Parent-led initiative brings a joyful side of the Church to small children
By Kyle Greenham
Jamie Schoorlemmer looks over the grounds of Moonshine Lake Provincial Park, where some children are trekking through the woods, some are reciting the actions to faith-themed songs, others are making “Holy Spirit” campfires with cheese, pretzels and other food.
It’s a welcoming sight for the Rycroft parishioner, who played a leading role in bringing Vacation Bible School to the area this summer.
For the parents and more than 30 young people who attended, the experience was also a welcomed return.
“People are so anxious to be together and have fellowship with each other, and the kids are missing each other too,” said Schoorlemmer. “We decided if restrictions lifted this summer we would make sure this camp became a reality.”
For the past 17 years, Vacation Bible School has been a parent-led initiative offering a few days of fun, faith formation, and community to Catholic families in the archdiocese, and especially their young children. The program, filled with different faith-based crafts, music, and activities, is largely drawn from the Catholic Vacation Bible School program by CatChat.
Organized by the parishes of St. Joseph in Spirit River and St. Peter and Paul in Rycroft, the camp is typically attended by families from the area. Families from Silver Valley, Grande Prairie, Fairview, Dawson’s Creek and elsewhere have also participated.
What inspires Schoorlemmer most is the joy Vacation Bible School brings to young Catholics.
“It’s been a gift,” she said. “Seeing the smiles on their faces and the love of Jesus that is apparent through it all. And in helping others come closer to Christ – if it makes that difference for even one person, then that makes all of the efforts put into this worth it.”
Both Schoorlemmer and Rycroft parent Denise Beaupre have helped organize and volunteer with the camp over its 17 years. It was in 2004, when the Oblates of Mary Immaculate brought a 10-day mission to the area, that the Spirit River and Rycroft parishes were first encouraged to form a youth ministry team.
In 2007, the team decided to create an annual Vacation Bible School for Catholic families in the area and around the archdiocese. In the initial years, the school was held over five half-days at St. Joseph’s Church in Spirit River, but it was eventually moved into a three-day camping excursion at Moonshine Lake.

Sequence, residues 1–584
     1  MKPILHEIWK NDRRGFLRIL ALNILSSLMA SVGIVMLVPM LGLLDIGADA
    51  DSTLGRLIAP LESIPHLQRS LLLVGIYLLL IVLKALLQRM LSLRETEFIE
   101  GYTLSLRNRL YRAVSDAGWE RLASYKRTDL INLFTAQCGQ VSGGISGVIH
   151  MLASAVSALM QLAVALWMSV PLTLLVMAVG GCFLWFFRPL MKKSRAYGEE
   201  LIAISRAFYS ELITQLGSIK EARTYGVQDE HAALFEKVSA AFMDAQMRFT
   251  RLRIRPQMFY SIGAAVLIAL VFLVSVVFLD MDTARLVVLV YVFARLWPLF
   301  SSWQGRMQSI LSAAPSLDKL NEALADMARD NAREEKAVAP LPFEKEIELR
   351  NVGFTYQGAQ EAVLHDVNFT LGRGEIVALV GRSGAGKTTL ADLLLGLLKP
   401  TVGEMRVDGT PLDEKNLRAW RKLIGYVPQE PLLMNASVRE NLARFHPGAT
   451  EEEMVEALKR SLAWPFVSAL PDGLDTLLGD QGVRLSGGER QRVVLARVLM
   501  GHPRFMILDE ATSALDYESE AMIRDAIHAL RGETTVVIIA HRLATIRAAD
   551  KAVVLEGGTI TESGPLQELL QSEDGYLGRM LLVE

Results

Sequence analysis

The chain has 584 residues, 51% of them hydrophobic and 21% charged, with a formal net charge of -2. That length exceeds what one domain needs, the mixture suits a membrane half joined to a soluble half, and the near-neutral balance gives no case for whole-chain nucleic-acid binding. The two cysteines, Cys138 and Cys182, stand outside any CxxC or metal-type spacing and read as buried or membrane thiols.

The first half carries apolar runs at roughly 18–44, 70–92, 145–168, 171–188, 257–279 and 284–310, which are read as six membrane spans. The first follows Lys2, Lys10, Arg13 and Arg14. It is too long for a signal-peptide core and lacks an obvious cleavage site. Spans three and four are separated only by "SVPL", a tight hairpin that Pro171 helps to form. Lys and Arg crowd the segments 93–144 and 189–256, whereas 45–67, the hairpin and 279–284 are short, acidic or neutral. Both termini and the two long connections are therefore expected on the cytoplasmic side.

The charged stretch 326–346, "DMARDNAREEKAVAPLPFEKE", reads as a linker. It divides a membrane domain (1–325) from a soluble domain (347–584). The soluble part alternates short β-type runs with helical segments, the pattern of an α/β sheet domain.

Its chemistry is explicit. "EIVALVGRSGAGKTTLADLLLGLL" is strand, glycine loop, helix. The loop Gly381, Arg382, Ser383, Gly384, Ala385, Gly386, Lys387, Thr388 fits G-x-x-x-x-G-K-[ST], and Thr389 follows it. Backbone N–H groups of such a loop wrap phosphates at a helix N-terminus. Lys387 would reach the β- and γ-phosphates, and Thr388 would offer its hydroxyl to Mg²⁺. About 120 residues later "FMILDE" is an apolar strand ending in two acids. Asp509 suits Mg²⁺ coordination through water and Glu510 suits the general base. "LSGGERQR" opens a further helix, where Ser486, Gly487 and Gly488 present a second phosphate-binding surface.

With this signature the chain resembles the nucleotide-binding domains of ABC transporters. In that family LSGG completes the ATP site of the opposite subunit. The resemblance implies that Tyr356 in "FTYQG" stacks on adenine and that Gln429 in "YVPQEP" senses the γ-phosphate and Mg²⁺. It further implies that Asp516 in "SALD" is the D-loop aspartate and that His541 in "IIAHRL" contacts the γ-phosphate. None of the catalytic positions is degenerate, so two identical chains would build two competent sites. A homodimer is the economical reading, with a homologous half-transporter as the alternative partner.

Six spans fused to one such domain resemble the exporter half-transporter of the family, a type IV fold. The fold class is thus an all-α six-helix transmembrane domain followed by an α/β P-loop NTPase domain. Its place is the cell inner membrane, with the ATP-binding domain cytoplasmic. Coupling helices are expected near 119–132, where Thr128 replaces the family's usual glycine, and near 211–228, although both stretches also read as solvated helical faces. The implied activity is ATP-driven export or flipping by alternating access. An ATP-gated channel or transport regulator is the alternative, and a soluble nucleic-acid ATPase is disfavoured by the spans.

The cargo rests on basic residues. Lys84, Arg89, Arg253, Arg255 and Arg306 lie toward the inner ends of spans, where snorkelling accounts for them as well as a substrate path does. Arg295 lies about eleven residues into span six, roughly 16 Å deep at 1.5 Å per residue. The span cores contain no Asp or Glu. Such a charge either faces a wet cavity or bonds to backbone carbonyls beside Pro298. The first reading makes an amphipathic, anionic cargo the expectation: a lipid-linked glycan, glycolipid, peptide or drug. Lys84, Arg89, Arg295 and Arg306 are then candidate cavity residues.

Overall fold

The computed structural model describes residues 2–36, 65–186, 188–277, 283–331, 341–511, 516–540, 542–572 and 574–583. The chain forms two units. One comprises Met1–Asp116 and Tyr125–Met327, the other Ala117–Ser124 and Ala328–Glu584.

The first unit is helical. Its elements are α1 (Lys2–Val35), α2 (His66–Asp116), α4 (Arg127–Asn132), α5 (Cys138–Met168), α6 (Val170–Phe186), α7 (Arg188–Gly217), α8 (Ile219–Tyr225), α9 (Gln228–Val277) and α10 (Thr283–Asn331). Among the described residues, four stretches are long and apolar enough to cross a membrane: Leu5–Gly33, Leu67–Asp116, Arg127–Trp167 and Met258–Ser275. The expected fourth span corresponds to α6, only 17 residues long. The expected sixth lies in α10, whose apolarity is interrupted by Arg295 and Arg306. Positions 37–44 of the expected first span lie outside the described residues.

Sherry Bourke came to the camp this year with seven of her grandchildren, but over the years 10 of her own children have attended Vacation Bible School.
“I like that my children can meet others in their faith, and it builds a stronger sense of community through the parents as well. And it shows the kids that learning our faith can have fun elements too,” said Bourke.
“It’s been nice seeing my children who once participated now come back and lead as captains.”
Jill Yuha brought her four children from their home in Silver Valley, having heard about the camp in Spirit River’s parish bulletin. It’s been a joy not only to see the fun her children had, but also the opportunity it provided her to meet with other Catholic parents, who also want to see their families grow and thrive in the Faith.
“It’s great to talk to other like-minded parents and have conversations that are relatable,” she said. “We all have little kids; we’re all raising them in the Church. As a mom, it’s nice to have other faithful families around.”
Much of the programming focuses on making the faith accessible and tangible to small children, whether by music, arts and crafts, theatre and other demonstrations. This year the school is studying the seven sacraments, and as a way of teaching baptism, each family made a holy water font.
“It’s all intermingled – the faith station is what actually teaches us about our main subjects – whether it be the sacraments, the angels and saints, Mary – but what the little ones often remember most is the crafts they made, the songs they sang,” said Schoorlemmer.
“It’s education for the captains and parents too. It’s a refresher for things they learned in catechism that they can now pass on at a child’s level. And it gives parents the experience to see ways to pass on their faith to their children. Now they have the tools to teach their own kids as well.”
For the teenagers and young adults who volunteer with the school, Beaupre believes they particularly enjoy it as a place where they can fearlessly live out their faith.
“The kids don’t have to be afraid to share that they’re here for faith, whereas at school they may feel pressure to cover that up,” she said. “So to see their smiles, you can tell they just feel free here to be themselves. They can live the part of their life they have to cover up among peers and the world at large.”
Concerning the captains and leaders, Schoorlemmer adds,
“It makes my heart happy to see these young teens, who are out in that secular world where it’s not easy in this day and age, and they’re free to express their faith here. It gives them the courage to go beyond this campsite and move that faith out into the world.”
As parents who have devoted many years of time and effort to make this Vacation Bible School a reality each summer, both Schoorlemmer and Beaupre hope the Vacation Bible School will continue on into the next generation – as a staple event of fostering faith among Catholic families in the area.
“We heard one of the captain’s say ‘One day I’m going to run this camp,” said Beaupre. “Hearing that is so encouraging – that we’re raising little leaders.”